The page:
A fifty-year-old model of the way Atlantic ocean currents flow, which shows a discrete "conveyor belt" of deep, cold water flowing southward from the Labrador Sea and forming a continuous loop with the Gulf Stream, is likely incorrect, according to Duke researchers.
New research led by Duke and the Woods Hole Oceanographic Institution relied on an armada of sophisticated floats to show that much of the cold water, originating in the sea between Newfoundland and Greenland, is diverted eastward by the time it flows as far south as Massachusetts. From there, it disperses to the depths in ways that are difficult to follow.
"Everybody always thought this deep flow operated like a conveyor belt, but what we are saying is that concept doesn't hold anymore," says Susan Lozier, professor of physical oceanography and chair of the Earth and Ocean Sciences Division in the Nicholas School of the Environment.
And since cold Labrador seawater is thought to influence and perhaps moderate human-caused climate change, this finding may affect the work of global-warming forecasters. The research was published in the journal Nature.
Forecasters say effects of global warming are magnified at higher latitudes, making the Labrador Sea an added focus of attention. Surface waters there absorb heat-trapping carbon dioxide from the atmosphere, and a substantial amount of it gets pulled underwater, where it is no longer available to warm the Earth's climate.
Oceanographers long thought all the Labrador seawater moved south along what is called the Deep Western Boundary Current (DWBC), which hugs the eastern North American continental shelf almost to Florida, before veering off to the southeast. But studies in the 1990s using submersible floats showed little evidence of southbound export of Labrador seawater within the DWBC.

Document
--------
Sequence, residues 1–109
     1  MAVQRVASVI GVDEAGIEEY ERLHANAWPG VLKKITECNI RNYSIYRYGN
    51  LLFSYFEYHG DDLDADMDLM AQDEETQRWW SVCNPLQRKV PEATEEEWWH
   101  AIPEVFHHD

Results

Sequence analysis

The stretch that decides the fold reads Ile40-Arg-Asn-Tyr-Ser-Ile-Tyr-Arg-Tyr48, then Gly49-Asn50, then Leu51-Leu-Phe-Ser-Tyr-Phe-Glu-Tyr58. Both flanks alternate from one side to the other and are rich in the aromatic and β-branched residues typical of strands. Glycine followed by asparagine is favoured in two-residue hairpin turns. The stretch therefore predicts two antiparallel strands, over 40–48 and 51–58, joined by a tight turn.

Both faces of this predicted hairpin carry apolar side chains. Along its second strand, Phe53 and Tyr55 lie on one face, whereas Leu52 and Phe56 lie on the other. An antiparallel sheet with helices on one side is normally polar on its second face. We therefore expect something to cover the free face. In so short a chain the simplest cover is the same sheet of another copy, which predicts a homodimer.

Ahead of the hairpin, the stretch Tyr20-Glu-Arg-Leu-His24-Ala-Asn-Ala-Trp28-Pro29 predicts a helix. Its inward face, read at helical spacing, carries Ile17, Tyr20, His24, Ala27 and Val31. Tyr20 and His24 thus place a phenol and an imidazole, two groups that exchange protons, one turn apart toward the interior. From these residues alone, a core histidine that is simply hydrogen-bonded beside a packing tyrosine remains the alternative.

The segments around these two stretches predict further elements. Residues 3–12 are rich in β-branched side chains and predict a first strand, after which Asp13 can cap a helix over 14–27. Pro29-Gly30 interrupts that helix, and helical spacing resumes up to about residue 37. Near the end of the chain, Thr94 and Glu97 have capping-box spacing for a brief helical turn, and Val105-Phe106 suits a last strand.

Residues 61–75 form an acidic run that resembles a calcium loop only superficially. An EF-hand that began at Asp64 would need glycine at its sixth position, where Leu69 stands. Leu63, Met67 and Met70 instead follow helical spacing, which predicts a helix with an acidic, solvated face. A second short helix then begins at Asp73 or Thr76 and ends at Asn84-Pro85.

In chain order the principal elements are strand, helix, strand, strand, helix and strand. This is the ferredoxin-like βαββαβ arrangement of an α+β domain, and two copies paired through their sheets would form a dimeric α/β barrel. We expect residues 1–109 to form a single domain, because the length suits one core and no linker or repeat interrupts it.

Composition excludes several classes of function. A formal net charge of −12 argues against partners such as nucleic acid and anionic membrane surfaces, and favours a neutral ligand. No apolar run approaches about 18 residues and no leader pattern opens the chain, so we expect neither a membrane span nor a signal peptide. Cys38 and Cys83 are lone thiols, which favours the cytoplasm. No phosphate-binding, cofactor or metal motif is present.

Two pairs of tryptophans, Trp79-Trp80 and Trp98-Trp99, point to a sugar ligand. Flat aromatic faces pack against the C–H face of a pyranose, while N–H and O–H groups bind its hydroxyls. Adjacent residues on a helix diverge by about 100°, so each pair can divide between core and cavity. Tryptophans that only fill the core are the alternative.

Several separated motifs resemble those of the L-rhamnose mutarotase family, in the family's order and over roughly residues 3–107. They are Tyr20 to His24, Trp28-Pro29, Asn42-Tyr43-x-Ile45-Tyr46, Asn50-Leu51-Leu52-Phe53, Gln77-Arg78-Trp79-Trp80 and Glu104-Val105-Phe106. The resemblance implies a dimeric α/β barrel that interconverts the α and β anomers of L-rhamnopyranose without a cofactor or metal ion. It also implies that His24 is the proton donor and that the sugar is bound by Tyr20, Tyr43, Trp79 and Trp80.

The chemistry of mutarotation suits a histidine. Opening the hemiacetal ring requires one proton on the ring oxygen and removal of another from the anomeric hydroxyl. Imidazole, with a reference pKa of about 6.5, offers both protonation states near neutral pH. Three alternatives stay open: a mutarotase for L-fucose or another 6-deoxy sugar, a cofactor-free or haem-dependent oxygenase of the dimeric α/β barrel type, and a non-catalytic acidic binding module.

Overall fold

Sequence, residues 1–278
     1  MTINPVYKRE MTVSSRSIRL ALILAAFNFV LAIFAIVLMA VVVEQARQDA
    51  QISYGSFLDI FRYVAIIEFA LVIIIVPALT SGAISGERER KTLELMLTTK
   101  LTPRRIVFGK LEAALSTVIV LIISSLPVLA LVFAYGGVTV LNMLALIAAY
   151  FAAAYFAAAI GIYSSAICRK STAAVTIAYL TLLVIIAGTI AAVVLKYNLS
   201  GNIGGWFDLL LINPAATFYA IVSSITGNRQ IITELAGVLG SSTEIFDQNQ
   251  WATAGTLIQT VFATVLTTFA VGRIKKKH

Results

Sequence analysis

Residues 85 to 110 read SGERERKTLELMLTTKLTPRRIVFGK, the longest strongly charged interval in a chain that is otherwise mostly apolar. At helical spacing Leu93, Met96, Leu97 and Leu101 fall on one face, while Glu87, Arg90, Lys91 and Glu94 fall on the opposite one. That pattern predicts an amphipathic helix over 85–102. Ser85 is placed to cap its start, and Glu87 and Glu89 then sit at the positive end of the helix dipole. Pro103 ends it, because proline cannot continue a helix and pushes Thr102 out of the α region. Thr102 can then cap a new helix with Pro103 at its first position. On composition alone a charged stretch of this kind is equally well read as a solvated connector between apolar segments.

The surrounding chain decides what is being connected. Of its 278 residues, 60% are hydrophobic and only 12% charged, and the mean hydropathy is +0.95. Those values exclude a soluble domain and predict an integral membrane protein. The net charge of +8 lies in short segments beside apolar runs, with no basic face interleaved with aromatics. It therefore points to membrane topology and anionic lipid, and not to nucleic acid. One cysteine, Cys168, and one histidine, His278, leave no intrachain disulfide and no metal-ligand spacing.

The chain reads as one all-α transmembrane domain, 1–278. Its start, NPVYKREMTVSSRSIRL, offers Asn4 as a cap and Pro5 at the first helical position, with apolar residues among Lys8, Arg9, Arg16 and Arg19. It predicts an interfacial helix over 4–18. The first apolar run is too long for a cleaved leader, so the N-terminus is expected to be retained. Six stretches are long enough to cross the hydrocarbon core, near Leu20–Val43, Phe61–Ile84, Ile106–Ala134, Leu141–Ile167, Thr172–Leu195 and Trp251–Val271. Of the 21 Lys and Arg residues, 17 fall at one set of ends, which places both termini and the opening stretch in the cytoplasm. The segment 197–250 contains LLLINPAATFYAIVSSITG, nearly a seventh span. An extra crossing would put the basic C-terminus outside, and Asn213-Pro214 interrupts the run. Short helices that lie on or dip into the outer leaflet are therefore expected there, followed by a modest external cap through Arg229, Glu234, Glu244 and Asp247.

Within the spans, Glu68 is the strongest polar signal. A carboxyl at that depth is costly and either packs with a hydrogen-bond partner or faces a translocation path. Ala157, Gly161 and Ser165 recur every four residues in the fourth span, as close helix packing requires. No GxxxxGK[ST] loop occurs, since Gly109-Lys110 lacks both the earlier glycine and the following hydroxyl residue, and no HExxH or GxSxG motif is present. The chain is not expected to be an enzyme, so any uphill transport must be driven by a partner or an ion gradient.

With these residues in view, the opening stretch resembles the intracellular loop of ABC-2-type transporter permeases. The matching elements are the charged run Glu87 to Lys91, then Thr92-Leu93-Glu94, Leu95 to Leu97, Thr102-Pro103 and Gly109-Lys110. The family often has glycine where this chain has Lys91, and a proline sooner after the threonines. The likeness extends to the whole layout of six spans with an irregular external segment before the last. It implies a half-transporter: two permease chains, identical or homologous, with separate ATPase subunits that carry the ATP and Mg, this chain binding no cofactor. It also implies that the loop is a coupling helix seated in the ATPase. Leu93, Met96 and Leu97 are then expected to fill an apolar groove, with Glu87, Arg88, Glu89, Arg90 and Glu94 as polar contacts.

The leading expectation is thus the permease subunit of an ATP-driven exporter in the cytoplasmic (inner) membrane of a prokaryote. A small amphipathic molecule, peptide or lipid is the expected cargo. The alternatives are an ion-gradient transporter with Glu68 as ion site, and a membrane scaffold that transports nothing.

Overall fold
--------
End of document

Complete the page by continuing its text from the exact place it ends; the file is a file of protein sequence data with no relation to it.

Scientists challenged those studies in part because the floats had to return to the surface to report their observations to satellite receivers, meaning the data could have been biased by upper ocean currents. To address the criticisms, the researchers launched seventy-six special floats that could stay submerged at a depth of 700 or 1,500 meters and still communicate their data. Only 8 percent of the floats followed the DWBC, while about 75 percent of them left the underwater pathway and drifted into the open ocean by the time they rounded the southern tail of the Grand Banks of Newfoundland.
Since the float paths could only be tracked for two years, researchers also used a modeling program to simulate the launch and dispersal of more than 7,000 virtual "e-floats" from the same starting point. Subjecting those e-floats to the same underwater dynamics as the real ones, researchers then traced their movements. Both experiments proved very similar.
"That means it is going to be more difficult to measure climate signals in the deep ocean," Lozier says. "We thought we could just measure them in the Deep Western Boundary Current, but we really can't."